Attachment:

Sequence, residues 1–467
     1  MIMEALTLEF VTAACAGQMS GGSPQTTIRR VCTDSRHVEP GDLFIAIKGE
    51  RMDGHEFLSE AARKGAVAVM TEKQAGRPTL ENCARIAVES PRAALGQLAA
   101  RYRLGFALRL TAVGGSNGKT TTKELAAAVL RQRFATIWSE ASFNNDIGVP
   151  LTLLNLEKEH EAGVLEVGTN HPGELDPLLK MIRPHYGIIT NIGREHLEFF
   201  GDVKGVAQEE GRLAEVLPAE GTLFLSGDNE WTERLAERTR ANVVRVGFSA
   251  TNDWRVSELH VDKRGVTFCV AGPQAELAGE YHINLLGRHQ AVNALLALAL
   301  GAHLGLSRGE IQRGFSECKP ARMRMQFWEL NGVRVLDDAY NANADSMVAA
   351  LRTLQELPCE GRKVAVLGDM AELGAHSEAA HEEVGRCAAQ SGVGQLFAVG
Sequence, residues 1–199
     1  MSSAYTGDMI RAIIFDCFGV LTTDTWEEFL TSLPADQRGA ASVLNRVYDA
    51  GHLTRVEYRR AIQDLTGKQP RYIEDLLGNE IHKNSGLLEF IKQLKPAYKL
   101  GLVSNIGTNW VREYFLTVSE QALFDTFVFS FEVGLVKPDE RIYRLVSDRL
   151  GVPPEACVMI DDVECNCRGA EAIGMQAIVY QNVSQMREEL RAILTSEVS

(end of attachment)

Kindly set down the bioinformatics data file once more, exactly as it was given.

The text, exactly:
Sequence, residues 1–467
     1  MIMEALTLEF VTAACAGQMS GGSPQTTIRR VCTDSRHVEP GDLFIAIKGE
    51  RMDGHEFLSE AARKGAVAVM TEKQAGRPTL ENCARIAVES PRAALGQLAA
   101  RYRLGFALRL TAVGGSNGKT TTKELAAAVL RQRFATIWSE ASFNNDIGVP
   151  LTLLNLEKEH EAGVLEVGTN HPGELDPLLK MIRPHYGIIT NIGREHLEFF
   201  GDVKGVAQEE GRLAEVLPAE GTLFLSGDNE WTERLAERTR ANVVRVGFSA
   251  TNDWRVSELH VDKRGVTFCV AGPQAELAGE YHINLLGRHQ AVNALLALAL
   301  GAHLGLSRGE IQRGFSECKP ARMRMQFWEL NGVRVLDDAY NANADSMVAA
   351  LRTLQELPCE GRKVAVLGDM AELGAHSEAA HEEVGRCAAQ SGVGQLFAVG
Sequence, residues 1–199
     1  MSSAYTGDMI RAIIFDCFGV LTTDTWEEFL TSLPADQRGA ASVLNRVYDA
    51  GHLTRVEYRR AIQDLTGKQP RYIEDLLGNE IHKNSGLLEF IKQLKPAYKL
   101  GLVSNIGTNW VREYFLTVSE QALFDTFVFS FEVGLVKPDE RIYRLVSDRL
   151  GVPPEACVMI DDVECNCRGA EAIGMQAIVY QNVSQMREEL RAILTSEVS